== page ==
The author uses Tanzania as a case study to assess the extent to which international donors tied commitment to the democratization process as a condition for aid. Noting that using aid as a reward for promoting democratic modes of governance is essentially a post -cold war policy, and that by 1992 all of Tanzania’s major donors had “incorporated democratization as a contingency for continued economic assistance”, the author asks whether foreign donors explicitly required this as a condition for aid. Tracking aid statistics for the years 1985-1995, the author concludes that while there were numerous increases or decreases in funding, interviews with donor representatives indicated that these fluctuations were a result of circumstances, e.g., specific Tanzanian needs, or donor fatigue, rather than any demands for democratic contingency. However, local sentiment suggested otherwise. Using interviews as a means of assessing perspectives among Tanzanian government leaders, opponents of the one party system, and various leaders within the civil society, the author found they expressed a strong sense of external pressures for some measure of democratization. Nevertheless, these leaders also acknowledged that changing domestic circumstances had minimized the efficacy of the one-party system and stimulated the move to multi-partyism. Since Tanzania did not test whether economic sanctions would be applied if it did not liberalize its political process, the causal role of donor pressures on future democratization remains to be seen.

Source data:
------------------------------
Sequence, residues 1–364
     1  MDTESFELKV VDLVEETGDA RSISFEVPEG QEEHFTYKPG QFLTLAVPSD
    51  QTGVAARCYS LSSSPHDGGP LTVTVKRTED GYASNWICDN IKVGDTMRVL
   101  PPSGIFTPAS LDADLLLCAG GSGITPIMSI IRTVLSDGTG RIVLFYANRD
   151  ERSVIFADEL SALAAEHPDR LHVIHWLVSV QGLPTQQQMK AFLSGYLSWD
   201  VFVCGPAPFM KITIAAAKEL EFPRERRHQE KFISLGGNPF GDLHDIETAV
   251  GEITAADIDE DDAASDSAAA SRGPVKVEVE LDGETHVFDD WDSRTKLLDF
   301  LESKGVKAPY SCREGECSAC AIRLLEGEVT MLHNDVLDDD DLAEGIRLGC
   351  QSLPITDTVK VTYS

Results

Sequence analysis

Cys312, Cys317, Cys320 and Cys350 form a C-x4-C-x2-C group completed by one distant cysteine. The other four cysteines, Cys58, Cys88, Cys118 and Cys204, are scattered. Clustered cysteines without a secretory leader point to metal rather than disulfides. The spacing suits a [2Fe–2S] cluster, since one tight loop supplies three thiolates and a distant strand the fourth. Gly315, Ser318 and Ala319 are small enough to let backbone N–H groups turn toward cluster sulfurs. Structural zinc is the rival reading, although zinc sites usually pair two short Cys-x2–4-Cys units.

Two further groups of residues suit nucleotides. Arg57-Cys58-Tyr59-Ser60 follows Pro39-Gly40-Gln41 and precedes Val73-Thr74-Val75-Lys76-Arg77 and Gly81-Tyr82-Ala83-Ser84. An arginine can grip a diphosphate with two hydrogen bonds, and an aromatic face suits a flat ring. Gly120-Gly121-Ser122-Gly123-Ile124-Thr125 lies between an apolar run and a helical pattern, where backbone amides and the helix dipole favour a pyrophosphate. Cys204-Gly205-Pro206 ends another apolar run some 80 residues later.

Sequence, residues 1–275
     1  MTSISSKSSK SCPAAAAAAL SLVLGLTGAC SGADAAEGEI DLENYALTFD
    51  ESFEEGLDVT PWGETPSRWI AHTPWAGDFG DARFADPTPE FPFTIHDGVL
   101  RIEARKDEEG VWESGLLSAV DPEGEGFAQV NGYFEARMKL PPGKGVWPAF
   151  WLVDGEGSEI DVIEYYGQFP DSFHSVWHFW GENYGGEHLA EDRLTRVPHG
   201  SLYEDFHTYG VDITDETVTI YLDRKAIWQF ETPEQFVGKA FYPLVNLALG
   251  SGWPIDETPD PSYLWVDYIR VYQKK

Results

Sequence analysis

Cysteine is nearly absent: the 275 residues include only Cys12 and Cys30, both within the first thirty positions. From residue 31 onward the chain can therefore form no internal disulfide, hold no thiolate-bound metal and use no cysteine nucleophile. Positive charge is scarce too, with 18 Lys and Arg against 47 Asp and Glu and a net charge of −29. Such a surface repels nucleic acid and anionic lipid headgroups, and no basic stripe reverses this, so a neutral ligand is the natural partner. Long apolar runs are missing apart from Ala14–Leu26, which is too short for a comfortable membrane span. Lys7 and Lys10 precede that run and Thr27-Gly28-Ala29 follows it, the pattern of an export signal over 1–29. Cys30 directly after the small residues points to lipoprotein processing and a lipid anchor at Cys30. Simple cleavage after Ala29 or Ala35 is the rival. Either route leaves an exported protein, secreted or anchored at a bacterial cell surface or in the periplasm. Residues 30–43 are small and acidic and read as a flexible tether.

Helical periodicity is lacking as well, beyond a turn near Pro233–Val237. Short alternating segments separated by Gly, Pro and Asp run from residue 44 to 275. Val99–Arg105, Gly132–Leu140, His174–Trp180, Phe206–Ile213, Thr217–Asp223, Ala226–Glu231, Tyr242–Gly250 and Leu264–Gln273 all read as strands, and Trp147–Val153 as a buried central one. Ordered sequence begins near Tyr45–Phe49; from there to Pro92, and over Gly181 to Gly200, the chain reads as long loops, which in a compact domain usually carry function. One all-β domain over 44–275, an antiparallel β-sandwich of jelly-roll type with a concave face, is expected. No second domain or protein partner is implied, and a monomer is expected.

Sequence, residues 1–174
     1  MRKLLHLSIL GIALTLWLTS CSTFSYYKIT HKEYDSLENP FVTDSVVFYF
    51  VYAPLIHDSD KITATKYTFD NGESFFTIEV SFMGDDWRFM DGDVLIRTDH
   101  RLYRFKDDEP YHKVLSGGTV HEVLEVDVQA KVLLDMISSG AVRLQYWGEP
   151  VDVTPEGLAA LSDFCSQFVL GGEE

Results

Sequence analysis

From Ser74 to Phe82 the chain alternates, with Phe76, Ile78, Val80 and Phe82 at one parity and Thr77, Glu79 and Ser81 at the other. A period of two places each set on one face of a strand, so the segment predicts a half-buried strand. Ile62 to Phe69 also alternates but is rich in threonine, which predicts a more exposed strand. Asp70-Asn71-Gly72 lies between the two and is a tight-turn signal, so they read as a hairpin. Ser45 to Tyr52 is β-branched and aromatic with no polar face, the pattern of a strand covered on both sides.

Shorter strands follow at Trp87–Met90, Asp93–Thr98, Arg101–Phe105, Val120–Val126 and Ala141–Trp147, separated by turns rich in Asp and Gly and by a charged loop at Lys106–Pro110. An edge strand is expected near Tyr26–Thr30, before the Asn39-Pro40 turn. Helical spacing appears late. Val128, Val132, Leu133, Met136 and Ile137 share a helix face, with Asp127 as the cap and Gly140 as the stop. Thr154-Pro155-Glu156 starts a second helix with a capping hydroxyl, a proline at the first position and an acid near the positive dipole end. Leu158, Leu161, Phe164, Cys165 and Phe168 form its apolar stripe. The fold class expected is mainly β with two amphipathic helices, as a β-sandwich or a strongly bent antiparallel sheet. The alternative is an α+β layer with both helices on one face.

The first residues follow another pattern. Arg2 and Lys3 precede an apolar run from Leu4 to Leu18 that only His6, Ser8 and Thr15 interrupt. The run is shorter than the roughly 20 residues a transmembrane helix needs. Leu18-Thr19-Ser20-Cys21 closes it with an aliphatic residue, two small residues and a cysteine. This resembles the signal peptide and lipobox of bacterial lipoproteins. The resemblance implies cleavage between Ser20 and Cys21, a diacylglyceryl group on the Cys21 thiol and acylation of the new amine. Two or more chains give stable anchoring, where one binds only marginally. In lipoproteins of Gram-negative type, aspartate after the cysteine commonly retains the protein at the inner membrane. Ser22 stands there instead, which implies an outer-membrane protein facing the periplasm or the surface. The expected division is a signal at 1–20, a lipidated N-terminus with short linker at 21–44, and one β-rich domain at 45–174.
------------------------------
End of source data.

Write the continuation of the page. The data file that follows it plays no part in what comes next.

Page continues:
ZANZIBAR TOURISM DIRECTORY 2002. Swahili Coast Publications. 48 pages in full colour with information on Zanzibar and contact details on tourism companies.